EXPAND works with any array-valued formula: the data query functions like ImportHtml, the filtering ones like FILTER or UNIQUE, and even regular ones like TRANSPOSE. It also works with multiple-input array formulas: try entering =EXPAND(ArrayFormula(A:A*2)) in B1, and the entire column B will always contain twice the values in column A, even if you insert or delete rows.

EXPAND does have one unusual side effect: you can't remove CONTINUE functions in a stretchy array, since the spreadsheet will notice they're missing and put them right back. But you can cut and paste them somewhere else, as long as you don't delete them entirely.

If you create a new spreadsheet, EXPAND is the default behavior for all multi-cell array formulas, even if you don't use the EXPAND function. If you want more control over what shows and what doesn't, you can duplicate the previous behavior with the NOEXPAND function. For example, =NOEXPAND(UNIQUE(A:A)) will only add CONTINUE functions when you first enter it, and when you press Ctrl-R on it, but never by itself.

"Single-cell" array formulas let you write formulas with array inputs, instead of array outputs. When you wrap a formula inside an =ARRAYFORMULA function, you can pass arrays and ranges to functions and operators that usually only take non-array arguments. Those functions and operators will apply to each entry in the arrays one at a time, and return a new array with all of the outputs.

For example, =ARRAYFORMULA({1,2,3} + {4,5,6}) computes 1+4, 2+5, and 3+6, and then returns {5,7,9}. If you enter that formula in a cell, it will output 5, 7, and 9 in three cells, using the multi-cell formula rules from above:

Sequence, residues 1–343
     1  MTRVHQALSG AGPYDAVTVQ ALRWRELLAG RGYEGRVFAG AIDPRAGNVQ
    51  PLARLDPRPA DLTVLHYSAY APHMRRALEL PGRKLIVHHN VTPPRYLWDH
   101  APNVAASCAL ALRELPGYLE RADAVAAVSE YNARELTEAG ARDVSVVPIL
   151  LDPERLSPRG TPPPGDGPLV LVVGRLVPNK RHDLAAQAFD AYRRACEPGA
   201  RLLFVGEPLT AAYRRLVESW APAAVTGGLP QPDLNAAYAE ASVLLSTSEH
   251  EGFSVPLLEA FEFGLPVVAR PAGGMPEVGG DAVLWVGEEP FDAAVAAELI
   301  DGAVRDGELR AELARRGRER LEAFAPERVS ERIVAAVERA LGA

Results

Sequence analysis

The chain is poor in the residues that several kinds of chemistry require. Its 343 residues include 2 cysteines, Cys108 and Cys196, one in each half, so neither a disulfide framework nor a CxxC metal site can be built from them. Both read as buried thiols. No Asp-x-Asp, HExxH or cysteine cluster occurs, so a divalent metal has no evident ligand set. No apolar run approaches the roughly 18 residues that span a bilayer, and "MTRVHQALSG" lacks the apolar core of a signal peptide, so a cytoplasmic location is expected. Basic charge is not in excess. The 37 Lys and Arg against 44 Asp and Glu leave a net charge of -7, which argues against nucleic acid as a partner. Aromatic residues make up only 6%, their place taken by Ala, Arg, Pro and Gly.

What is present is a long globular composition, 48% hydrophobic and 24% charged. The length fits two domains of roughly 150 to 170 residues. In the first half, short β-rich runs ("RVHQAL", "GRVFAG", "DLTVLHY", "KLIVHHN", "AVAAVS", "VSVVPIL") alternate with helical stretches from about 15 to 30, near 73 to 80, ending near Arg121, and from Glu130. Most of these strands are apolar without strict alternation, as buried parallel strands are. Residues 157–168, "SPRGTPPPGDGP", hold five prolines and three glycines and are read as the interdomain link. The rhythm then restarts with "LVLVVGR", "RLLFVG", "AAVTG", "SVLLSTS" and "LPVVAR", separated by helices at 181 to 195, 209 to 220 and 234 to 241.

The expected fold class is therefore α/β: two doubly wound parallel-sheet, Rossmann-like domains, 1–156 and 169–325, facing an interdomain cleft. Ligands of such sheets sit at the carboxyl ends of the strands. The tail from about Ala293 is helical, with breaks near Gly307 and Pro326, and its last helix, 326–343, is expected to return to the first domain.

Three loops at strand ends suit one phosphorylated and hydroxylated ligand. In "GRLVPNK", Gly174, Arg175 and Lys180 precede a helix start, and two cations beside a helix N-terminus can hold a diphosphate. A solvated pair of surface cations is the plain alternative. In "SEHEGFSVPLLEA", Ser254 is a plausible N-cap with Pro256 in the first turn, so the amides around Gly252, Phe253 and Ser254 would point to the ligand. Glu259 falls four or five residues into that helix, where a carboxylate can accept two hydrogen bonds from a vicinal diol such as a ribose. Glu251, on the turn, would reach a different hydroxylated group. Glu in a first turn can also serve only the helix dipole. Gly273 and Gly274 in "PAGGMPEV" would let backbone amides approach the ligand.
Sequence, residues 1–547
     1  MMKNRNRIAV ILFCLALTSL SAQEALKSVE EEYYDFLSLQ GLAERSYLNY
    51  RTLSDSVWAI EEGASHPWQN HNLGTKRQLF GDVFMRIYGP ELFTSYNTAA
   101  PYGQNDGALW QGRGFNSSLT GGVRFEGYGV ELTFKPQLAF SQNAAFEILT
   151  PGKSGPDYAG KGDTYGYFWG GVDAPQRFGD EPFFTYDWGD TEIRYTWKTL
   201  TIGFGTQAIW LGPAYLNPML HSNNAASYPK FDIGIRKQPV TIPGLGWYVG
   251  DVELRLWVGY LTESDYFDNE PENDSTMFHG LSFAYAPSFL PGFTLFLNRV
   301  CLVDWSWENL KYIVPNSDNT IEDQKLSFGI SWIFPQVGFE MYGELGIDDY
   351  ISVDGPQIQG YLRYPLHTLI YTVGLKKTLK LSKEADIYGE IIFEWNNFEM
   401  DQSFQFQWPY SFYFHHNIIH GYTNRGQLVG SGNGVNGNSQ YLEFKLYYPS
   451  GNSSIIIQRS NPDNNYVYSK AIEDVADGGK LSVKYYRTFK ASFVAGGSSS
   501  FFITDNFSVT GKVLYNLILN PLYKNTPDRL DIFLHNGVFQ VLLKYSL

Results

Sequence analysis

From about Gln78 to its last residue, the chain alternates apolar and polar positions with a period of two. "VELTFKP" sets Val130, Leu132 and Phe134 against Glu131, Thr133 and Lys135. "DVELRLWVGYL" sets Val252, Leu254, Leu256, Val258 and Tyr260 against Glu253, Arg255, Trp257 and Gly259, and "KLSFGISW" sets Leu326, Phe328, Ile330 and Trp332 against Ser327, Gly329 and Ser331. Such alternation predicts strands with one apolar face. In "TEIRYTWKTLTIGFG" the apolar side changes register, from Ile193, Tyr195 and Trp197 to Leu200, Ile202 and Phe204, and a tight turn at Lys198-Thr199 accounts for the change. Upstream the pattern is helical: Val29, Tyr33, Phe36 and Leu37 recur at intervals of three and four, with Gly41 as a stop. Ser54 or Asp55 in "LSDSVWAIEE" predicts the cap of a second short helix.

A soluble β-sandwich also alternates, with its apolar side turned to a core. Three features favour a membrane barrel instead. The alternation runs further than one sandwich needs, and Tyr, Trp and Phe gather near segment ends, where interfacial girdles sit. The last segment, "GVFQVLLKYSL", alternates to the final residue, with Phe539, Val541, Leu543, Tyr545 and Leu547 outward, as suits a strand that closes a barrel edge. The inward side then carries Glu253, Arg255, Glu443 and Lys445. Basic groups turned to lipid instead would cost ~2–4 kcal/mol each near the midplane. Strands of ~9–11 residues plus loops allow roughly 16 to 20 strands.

single-cell array formula

Of course, you could also use a range like A1:C1 instead of {1,2,3}. However, all of the arrays and/or ranges must be the same size and dimensions. So =ARRAYFORMULA(A1:C1 + A2:C2)) will work, but =ARRAYFORMULA(A1:C1 + A2:Z2)) will give an error (the first has three columns, while the second has 26), and so will =ARRAYFORMULA(A1:C1 + A2:A4)) (since A1:C1 has one row and three columns, while A2:A4 has three columns and one row).

The real power of ARRAYFORMULA comes when you take the result from one of those computations and wrap it inside a formula that does take array or range arguments: SUM, MAX, MIN, CONCATENATE, etc. For example, since =ARRAYFORMULA({1,2,3} + {4,5,6}) returns {5,7,9}, writing =ARRAYFORMULA(SUM({1,2,3} + {4,5,6})) is like writing =SUM({5,7,9}), so it returns 21. This lets you put an entire complex calculation into a single cell, hence the name "Single-cell array formulas".

Some more complex examples:

  • =ARRAYFORMULA(SUM(IF(A1:A10>5, A1:A10, 0))) For each cell in A1:A10, computes IF(Cell>5, Cell, 0), and then sums the results. The result is equivalent to =SUMIF(A1:A10, ">5").
  • =ARRAYFORMULA(MAX(IF(A1:B100<256, A1:B100, 0))). For each cell in A1:B100, computes IF(Cell<256, Cell, 0), and then takes the maximum of the results. The end result is that you've found the largest entry in A1:B100 that's smaller than 256.
  • =ARRAYFORMULA(SUM(IF(A1:A10>B1:B10, A1:A10, B1:B10))). First computes IF(A1>B1, A1, B1), then IF(A2>B2, A2, B2), and so on up to IF(A10>B10, A10, B10). Sums the results. The end result is that you've summed up whichever entry in each row is larger.

Note: Please be aware that array formulas cannot be exported.

When you press Ctrl+Shift+Enter while editing a formula, you'll automatically get =ArrayFormula( added to your formula.

Visit our function list for a list of currently supported functions.